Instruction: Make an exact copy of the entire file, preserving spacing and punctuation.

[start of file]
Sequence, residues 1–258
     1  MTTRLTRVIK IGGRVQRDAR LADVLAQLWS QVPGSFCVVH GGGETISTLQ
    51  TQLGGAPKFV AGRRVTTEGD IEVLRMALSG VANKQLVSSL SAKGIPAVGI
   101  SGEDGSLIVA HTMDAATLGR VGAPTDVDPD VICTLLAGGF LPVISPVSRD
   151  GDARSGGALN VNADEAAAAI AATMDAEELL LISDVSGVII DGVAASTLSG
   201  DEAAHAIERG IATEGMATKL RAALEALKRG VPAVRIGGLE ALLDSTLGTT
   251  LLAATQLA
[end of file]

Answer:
Sequence, residues 1–258
     1  MTTRLTRVIK IGGRVQRDAR LADVLAQLWS QVPGSFCVVH GGGETISTLQ
    51  TQLGGAPKFV AGRRVTTEGD IEVLRMALSG VANKQLVSSL SAKGIPAVGI
   101  SGEDGSLIVA HTMDAATLGR VGAPTDVDPD VICTLLAGGF LPVISPVSRD
   151  GDARSGGALN VNADEAAAAI AATMDAEELL LISDVSGVII DGVAASTLSG
   201  DEAAHAIERG IATEGMATKL RAALEALKRG VPAVRIGGLE ALLDSTLGTT
   251  LLAATQLA